So, what makes a RfP school and how can it be achieved? Who better to answer this question than Sonia Thompson the DHT at St Matthews CE Primary, winner of the Egmont/UKLA Reading for Pleasure School of the Year 2018. Her first piece of advice is to ensure that school leaders are fully involved in and supportive of the development work. You need a Head or Principal who thinks, believes and says (a lot) "we're going to do this and we're going to do it well". Another big idea from St Matthew's is timetabled RfP sessions: daily in KS1 and 3 times/week in KS2. They have RfP spaces that are actually used (lots of schools have lovely reading corners, author displays etc that are pretty but aren't used). These acknowledge the need for reading to be a social act, so they have 3 copies of the same book in each space. There are lots more ideas for making the most of their RfP spaces too, which I'm sure you can read about on the OU website.
Additionally, the teachers at St Matthew's undertook some professional development work around reading aloud to children - genius! Not all of us are good at this but it can make such a big difference to engaging children in stories that it's worth us developing our skills, and fun too! Sonia's other take-aways were the use of schemes to promote books and reading such as Book Trust programmes https://www.booktrust.org.uk/, Reading Gladiators for the better readers https://readinggladiators.org.uk/, as well as running their own in-house book making group for parents and weekly book sharing session with parents of EYS children. Finally, Sonia talked about having a World Book Week (instead of a single day), asking each member of their local church to donate a book - which gave them 250 books, and about their reading picnic, just before they break up, at which the local librarians attend to promote the Summer Reading Challenge. Hugely inspirational, and lots of ideas from Sonia.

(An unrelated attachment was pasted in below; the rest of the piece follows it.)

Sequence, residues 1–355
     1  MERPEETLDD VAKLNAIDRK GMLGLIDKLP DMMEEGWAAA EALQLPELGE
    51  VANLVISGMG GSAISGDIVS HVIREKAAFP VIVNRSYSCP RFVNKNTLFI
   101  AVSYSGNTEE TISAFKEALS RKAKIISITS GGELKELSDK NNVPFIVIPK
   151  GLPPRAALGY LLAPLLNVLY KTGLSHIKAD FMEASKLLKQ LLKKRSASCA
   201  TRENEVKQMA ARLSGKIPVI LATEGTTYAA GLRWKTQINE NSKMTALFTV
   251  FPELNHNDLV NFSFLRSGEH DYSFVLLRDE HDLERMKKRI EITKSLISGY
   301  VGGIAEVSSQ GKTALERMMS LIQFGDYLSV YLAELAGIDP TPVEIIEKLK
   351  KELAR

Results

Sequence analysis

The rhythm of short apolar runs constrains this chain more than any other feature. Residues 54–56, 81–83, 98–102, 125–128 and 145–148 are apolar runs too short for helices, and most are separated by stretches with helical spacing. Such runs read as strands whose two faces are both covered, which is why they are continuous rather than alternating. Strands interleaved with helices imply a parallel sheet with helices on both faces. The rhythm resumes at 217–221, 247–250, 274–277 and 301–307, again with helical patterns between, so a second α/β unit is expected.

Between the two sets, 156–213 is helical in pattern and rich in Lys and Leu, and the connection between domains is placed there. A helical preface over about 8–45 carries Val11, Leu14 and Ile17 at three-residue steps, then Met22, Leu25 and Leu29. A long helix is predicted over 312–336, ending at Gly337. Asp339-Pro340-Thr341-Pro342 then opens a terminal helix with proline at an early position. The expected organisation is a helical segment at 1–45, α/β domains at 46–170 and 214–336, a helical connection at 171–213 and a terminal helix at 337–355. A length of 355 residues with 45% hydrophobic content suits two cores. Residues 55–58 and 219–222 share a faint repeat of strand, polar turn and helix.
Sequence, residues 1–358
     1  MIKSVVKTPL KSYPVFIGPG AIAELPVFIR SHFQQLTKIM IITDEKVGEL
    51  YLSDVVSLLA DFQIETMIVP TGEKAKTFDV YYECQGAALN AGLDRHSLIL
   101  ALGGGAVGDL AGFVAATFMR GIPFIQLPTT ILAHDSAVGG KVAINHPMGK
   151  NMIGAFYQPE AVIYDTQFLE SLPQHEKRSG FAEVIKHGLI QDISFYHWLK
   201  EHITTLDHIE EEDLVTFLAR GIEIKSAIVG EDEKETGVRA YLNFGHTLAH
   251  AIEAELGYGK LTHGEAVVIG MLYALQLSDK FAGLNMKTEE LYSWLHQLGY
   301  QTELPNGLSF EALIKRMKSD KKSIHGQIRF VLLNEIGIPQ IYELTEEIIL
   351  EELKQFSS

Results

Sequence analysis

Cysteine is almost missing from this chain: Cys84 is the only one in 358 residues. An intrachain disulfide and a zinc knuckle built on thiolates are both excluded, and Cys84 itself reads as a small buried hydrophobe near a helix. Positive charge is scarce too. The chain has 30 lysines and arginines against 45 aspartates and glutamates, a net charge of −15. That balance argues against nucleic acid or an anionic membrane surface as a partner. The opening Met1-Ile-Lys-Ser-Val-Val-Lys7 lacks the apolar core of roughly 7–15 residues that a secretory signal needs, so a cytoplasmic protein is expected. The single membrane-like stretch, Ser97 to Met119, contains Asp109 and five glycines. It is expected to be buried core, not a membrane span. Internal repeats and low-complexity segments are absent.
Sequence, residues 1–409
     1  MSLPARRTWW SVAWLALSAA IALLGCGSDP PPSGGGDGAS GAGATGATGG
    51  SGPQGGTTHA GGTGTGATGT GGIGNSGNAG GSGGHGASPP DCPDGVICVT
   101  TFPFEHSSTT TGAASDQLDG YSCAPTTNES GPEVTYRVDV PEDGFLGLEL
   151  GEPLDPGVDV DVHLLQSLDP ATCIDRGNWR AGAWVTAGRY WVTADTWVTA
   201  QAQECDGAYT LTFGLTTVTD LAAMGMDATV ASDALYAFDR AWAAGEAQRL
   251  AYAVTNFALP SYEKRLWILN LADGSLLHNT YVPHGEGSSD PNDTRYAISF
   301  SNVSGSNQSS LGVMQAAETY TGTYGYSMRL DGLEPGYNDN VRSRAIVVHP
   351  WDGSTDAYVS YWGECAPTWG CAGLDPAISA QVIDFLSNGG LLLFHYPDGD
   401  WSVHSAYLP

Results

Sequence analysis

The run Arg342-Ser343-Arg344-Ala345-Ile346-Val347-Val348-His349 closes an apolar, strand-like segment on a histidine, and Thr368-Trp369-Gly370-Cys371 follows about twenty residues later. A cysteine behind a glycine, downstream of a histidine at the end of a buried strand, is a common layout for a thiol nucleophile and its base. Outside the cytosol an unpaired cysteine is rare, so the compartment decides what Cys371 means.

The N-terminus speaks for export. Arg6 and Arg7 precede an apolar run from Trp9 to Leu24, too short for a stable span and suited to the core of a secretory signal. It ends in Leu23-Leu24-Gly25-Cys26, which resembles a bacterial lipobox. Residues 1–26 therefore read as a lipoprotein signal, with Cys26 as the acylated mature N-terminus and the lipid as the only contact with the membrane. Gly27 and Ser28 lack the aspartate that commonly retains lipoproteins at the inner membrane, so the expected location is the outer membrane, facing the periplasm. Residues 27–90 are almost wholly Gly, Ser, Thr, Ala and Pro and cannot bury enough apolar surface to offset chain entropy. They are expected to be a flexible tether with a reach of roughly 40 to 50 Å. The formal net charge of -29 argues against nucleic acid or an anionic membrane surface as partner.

Next, I attended a workshop entitled 'Reading Teachers Exploring Non-Fiction' with Teresa Cremin and reading teacher Claire Williams. How many of us know children who only ever choose to read non-narrative books? Everyday most of us read non-narrative for a purpose; we are still choosing to read whatever it is. The act of reading the news, a work-related report, a note from a colleague etc is not necessarily pleasurable but we are choosing to read it, which is key.